DJs Uncensored: Paul Oakenfold


by: Amanda Savage

DJ, producer and music industry vet, Paul Oakenfold, took the time to talk with AFM about playing in Scottsdale, his fourth-coming album and his experiences at the forefront of the electronic music movement.

AFM: Hi Paul, how are you?

Paul: I’m good how you doing?

AFM: I’m good! Thank you for taking time to do this interview. So you’re playing in Arizona on May 24th for Memorial Day weekend, what can fans expect? What’s going to be different than other shows you’ve played?

Paul: I really enjoy coming down there (Phoenix) I have been for many years and the crowd is wonderful. So it’s always been on my radar. i’ll be playing a lot of new music. I’ll be playing  some big tracks people are familiar, but my own niches of them, and I’ll be playing some new material from my fourth coming album called, Pop Killer.

AFM: Awesome! What are some things you look forward to about visiting Arizona?

Paul: Well first of all it’s got a good crowd that’s up for it, and they have been for a long time. It’s one of the first places on my many US tours back in the day that I would always go to and want to come back to. It just seems that the crowd there are very understanding when it comes to electronic music and really enjoy it. Second of all, over the years I’ve ended up having some good friends there so it gives me an opportunity to both come and enjoy myself, play at some good clubs, meet new people, but also hang out with some older friends.

AFM: Do you guys have any places you like to grab a bite to eat at? Or hang out at before a show?

Paul: I do like to go to Sushi Roku, it’s one of my favorites. But I also like to try out new places, so, for instance if someone was to say “Oh you’ve gotta check this place out, ” Id be like yea, why not? It’s all about looking for different places as well as going to the same, regular places that you’ve been to.

AFM: Totally, so I was reading up on your history a bit, you’ve obviously been a huge influence on electronic music for so long, but what a lot of people don’t know is that you got your start doing A&R  in hip-hop. What’s that story?

Paul: Well I was working for a record label with Run DMC , I was working with Def Jam and Public Enemy and Beastie Boys so I was very much in the mix in the early days in the hip-hop vibe and I really liked it.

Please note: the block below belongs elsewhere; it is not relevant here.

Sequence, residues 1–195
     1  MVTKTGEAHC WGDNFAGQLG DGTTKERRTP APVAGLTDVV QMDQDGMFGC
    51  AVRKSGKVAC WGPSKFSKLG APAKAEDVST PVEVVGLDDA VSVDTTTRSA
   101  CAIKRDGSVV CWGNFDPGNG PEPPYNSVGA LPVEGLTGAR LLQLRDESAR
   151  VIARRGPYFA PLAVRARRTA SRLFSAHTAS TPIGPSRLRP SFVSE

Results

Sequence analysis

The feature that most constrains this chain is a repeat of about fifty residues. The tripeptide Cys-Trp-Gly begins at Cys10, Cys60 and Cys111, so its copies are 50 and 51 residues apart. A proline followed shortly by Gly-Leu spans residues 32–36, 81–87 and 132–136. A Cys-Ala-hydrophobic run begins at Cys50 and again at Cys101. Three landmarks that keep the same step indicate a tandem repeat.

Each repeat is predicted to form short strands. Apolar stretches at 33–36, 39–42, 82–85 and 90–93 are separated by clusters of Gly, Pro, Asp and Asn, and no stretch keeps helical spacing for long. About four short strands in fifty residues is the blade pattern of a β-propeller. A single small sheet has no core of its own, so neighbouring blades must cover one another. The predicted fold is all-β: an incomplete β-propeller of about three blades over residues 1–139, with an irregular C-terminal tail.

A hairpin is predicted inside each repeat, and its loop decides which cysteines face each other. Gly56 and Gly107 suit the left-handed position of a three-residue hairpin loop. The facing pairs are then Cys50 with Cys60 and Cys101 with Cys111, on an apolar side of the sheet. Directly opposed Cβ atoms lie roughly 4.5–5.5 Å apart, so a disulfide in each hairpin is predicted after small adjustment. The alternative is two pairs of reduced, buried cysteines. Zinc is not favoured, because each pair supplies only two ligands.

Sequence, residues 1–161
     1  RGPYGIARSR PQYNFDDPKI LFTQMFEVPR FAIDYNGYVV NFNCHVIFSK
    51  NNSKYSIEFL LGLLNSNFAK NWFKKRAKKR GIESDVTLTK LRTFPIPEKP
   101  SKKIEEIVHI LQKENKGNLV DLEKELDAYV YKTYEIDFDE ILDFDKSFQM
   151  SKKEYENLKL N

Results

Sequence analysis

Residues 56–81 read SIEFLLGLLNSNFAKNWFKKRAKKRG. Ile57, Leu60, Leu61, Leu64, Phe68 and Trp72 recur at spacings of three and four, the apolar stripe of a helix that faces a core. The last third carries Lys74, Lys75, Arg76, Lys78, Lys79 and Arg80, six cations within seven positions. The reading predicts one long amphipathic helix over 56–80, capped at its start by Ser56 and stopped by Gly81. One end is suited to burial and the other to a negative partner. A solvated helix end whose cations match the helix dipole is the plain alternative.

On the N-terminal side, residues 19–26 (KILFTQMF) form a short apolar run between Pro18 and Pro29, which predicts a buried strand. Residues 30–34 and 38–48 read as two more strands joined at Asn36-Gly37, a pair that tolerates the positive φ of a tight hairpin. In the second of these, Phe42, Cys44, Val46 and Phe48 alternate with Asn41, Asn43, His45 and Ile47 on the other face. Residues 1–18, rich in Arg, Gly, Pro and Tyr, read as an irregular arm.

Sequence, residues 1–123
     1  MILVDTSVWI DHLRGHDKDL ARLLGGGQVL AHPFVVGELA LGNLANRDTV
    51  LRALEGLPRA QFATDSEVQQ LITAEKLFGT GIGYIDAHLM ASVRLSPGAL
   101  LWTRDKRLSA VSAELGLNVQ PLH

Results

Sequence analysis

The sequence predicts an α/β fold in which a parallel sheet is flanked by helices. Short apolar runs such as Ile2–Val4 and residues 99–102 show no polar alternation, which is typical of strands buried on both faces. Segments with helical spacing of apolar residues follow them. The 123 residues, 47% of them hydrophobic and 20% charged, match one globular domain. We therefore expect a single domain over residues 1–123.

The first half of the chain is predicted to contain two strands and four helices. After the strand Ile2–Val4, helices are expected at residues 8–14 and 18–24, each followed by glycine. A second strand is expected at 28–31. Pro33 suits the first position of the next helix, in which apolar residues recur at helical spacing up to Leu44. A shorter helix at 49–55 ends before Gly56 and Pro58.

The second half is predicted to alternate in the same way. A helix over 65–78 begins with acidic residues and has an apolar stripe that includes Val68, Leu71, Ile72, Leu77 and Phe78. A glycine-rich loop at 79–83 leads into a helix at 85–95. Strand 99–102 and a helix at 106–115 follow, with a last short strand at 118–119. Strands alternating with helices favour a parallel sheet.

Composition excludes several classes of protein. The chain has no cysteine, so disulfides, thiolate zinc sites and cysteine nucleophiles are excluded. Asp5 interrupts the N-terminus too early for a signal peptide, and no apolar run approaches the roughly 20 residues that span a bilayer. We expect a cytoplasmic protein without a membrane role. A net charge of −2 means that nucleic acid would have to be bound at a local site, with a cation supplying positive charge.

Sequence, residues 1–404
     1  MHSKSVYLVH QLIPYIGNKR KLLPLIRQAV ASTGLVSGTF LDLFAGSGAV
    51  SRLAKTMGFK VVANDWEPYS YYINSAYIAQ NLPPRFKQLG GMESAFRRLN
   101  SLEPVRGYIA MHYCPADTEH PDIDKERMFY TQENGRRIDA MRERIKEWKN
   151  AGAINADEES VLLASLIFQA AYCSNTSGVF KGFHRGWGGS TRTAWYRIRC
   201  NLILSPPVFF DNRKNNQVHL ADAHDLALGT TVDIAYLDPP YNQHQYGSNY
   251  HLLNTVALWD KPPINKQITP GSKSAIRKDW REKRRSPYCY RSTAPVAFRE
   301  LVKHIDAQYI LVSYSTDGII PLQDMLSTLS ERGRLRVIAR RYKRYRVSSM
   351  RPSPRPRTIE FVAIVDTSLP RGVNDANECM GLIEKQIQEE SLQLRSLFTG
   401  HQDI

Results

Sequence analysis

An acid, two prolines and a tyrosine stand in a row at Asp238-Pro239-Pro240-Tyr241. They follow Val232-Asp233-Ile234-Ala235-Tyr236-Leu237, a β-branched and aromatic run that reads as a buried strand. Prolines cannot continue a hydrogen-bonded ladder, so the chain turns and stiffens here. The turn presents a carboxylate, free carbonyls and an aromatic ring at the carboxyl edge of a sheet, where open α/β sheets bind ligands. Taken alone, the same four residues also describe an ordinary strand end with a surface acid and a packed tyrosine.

AFM: What was it like being at the forefront of two major music movements? Hip-hop then later electronic music?

Paul: It was certainly different. It was a lot more underground and it was a lot more exciting. Electronic music is obviously now a lot more mainstream, but that doesn’t necessarily make it less exciting.  I think it’s exciting because mainstream has finally jumped on to it. But it’s certainly different. It’s not as creative as it used to be in terms of a lot of people are making music with one kind of sound because their looking for charts and in essence to make money. Before there was no money so it was a lot more creative and really doing what you wanted to do as the artist.


AFM: Your music style has evolved over the years, how would you describe it?

Paul: My sound is very melodic, rather it’s techno, trance, house – as long as it’s got emotion to it and it’s got a really melodic feel. That’s kind of where I’m at really.

AFM: When was the turning point for you? When did you see this as something you could make a career out of?

Paul: I think when I was asked to work for U2 and I was on their world tour. It was a really big idea for me. So I really kind of stepped up my game in terms of wanting to be more professional and understanding really how it works. That was a big moment for me.

AFM: You make a lot of music for film and TV. Do you approach that differently than when you make music you are going to play for a live crowd?

Paul: Not really, it’s pretty much the same. I mean I approach it in the same way. In terms of film you’re always looking to create something that connects to the picture, that’s what it’s all about.What ever the theme is, that determines musically what you write. When you’re doing your own record it’s a blank piece of canvas and you literally can do what you want to do.

AFM: Would you say that you’re more of an artis? Inspired by feelings and experimentation with music or are you more of a sound engineer who applies logic?

Paul: I make music much more from an artist point of view.

AFM: So you work with a lot of of different types of artists, huge artists,  what are some of the most memorable collaborations you’ve had?

Paul: U2 and Madonna.

AFM: I was watching your interview with Rolling Stone and you said something about collaborating with Hunter S. Thompson,  what were you guys doing? What was that like?

Paul: We were just hanging out in the studio coming up with an idea for a song for my first album.

AFM: You have your fourth-coming album coming up. What can fans expect from that?

Paul: It’s nothing that different from my last two, the difference is that pop music has become house music. So my album will feel a lot more commercial. But in terms of my last two albums, I sold over a million records,  I had guest singers, songs and cutting edge beats and that’s exactly what the formula is again.  I’m not really doing anything different, it just seems like everything else as caught up.

Follow Amanda on Twitter @Amanda_Savage

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